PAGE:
The distribution of data refers to characteristics used in statistics, such as kurtosis and skewness, which provide detail on the shape of a probability distribution. In statistics and probability, the concept of data being normally distributed is critical to understand and is inextricably linked to the central limit theorem. Essentially, the central limit theorem states that whenever the sample size of a random population is large and the standard deviation and variance of that population is defined, a distribution function can be attached to that population which has a tendency for normality (1). Under the normal distribution, the data points of a random population will always converge at an average value, thus these values will fall within the normal distribution range. Furthermore, as long as the population which is being considered is normal, a sample distribution of the mean will show normality even if the sample size evaluated is small (1).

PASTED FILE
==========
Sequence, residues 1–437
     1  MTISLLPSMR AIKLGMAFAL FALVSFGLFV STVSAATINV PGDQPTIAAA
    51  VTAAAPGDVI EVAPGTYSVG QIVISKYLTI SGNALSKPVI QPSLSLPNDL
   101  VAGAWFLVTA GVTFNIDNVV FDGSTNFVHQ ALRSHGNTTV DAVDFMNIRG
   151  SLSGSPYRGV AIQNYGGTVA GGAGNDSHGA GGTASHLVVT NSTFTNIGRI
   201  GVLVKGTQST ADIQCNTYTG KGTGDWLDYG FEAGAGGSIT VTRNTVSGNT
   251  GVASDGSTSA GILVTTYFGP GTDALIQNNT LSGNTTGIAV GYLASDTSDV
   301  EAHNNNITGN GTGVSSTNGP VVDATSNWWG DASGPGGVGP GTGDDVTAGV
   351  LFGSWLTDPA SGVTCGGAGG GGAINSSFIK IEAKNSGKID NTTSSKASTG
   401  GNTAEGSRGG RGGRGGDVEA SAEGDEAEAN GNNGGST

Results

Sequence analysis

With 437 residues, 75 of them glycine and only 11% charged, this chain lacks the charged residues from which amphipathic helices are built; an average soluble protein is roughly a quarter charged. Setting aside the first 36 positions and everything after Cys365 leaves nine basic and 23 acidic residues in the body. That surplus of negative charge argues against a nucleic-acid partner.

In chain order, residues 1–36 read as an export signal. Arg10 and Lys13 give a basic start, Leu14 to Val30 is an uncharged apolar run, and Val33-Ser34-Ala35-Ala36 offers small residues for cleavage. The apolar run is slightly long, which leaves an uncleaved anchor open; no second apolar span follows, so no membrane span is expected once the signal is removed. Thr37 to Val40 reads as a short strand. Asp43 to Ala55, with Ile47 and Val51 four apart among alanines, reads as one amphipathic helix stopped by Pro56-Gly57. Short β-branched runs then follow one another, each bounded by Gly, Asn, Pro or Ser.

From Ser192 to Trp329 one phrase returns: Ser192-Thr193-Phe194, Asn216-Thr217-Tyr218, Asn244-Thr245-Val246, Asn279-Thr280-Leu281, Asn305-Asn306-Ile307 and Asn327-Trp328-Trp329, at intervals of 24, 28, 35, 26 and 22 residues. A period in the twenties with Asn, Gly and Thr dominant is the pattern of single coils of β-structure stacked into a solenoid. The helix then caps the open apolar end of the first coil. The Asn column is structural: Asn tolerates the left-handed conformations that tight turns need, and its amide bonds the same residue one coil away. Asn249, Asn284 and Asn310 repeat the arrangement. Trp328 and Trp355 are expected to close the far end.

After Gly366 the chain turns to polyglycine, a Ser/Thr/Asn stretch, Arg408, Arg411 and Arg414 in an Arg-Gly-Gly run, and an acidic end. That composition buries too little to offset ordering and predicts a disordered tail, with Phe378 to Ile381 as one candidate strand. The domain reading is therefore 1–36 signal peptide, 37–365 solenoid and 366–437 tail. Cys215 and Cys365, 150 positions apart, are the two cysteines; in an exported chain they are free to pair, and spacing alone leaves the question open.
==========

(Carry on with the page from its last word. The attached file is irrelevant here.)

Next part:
Considering that in statistics the distribution of data should follow a pattern of normality, being able to test whether a population or a set of data is in fact normally distributed is critical. This is where these characteristics which measure the distribution of data fit in. For example, testing the skewness of a data set is a common method for testing normality. Histograms are often constructed to test whether or not a data set is skewed. If the bars of a histogram display the bell-shaped curve, this illustrates that the data is normally distributed.

Analyzing the distribution of data is integral to the study of statistics since much of this field of study is based on this concept of normality. Therefore, understanding the characteristics which can test for normality is important to being able to interpret data properly and make accurate conclusions.

Reference:

1. Probability and Statistics for Engineers, Eighth Edition – Prentice Hall 2011

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